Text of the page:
On Mon, Jun 21, 2004 at 10:14:53PM -0400, Tom Lane wrote:
> "PostgreSQL Bugs List" <pgsql-bugs(at)postgresql(dot)org> writes:
> > [ double evaluation of serial-column default with ]
> > create rule silly_insert_r as on insert to silly do
> > insert into action (item_id,whence)
> > values (new.id,'now');
> The standard answer to this is "use a trigger, not a rule, to copy
> inserted or updated data to another table". A rule is basically a
> macro and as such has the usual multiple-evaluation hazards that
> all C programmers are familiar with :-(. There are times when this
> behavior is just what you want, but not when trying to copy the
> results of volatile expressions.
> People are often scared away from triggers because of the apparent
> notational complexity. This is too bad, because conceptually triggers
> are *much* simpler than rules. Someday I'd like to rewrite the docs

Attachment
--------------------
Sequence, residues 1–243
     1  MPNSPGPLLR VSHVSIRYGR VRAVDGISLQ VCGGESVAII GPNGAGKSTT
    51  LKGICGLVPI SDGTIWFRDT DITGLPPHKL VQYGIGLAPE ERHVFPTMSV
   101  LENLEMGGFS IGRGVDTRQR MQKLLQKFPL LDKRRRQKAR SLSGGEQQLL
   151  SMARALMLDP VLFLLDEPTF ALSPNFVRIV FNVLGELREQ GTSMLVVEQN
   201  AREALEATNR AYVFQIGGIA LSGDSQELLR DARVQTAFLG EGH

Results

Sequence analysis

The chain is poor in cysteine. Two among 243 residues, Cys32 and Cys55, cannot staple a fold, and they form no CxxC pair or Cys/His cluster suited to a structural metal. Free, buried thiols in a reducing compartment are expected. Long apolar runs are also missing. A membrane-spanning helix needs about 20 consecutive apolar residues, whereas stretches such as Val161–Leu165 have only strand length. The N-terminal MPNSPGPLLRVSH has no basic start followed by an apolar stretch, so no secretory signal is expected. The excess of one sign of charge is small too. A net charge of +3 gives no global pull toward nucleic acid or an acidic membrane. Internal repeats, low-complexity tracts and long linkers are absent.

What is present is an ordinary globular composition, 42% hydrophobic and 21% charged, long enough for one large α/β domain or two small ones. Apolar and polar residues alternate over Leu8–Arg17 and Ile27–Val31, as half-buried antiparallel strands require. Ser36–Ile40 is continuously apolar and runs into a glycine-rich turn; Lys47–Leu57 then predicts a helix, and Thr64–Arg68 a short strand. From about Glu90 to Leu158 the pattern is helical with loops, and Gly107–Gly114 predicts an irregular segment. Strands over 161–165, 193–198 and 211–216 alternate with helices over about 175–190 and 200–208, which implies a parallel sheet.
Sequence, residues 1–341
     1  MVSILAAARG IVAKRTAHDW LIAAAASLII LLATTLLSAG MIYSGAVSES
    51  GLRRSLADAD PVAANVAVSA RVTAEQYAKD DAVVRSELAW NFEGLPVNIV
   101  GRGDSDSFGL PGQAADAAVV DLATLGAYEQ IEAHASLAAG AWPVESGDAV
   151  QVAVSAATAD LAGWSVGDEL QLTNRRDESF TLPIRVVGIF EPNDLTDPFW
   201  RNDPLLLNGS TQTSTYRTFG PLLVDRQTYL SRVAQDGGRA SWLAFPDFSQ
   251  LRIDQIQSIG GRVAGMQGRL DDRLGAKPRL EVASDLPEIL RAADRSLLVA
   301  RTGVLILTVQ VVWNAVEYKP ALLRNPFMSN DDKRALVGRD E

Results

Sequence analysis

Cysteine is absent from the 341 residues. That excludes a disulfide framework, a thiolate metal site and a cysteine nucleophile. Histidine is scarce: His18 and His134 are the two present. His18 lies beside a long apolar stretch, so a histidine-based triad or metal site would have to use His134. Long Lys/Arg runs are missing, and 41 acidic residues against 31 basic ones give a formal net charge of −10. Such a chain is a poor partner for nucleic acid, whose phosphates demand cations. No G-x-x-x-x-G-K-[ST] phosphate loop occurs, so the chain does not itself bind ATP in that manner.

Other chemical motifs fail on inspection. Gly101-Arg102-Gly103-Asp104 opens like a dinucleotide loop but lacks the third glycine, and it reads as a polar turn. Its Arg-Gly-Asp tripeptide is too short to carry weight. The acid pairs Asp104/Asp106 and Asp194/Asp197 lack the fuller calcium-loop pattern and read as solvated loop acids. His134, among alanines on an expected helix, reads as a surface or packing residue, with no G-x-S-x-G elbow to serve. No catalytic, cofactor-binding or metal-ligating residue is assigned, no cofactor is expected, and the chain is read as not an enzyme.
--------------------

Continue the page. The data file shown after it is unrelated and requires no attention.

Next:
> so that triggers are discussed first and made to look like the simpler
> facility ...
> regards, tom lane
Thanks for the quick response. Your answer was pretty much
what I had expected. I was drifting towards triggers as a more
controllable (and standard (?)) means to deal with this issue.
But from an aesthetic point of view (aesthetic database - now
there's a term you don't hear too often) it seems to me that what is
happening conceptually is that the default is being treated as the macro
in this case and not the rule. As soon as I make a reference to new.id in
a rule, that ought to fix the column to the default. But what is happening
is that the instructions for setting new.id being carried forward into
the rule. This is more of a conceptual quibble I have at this point.
I think the standard answer should be "do not use serial columns
in any insert rule". I can see problems in cases other than copying
inserted data to another table with rules.
thanks for the good work,
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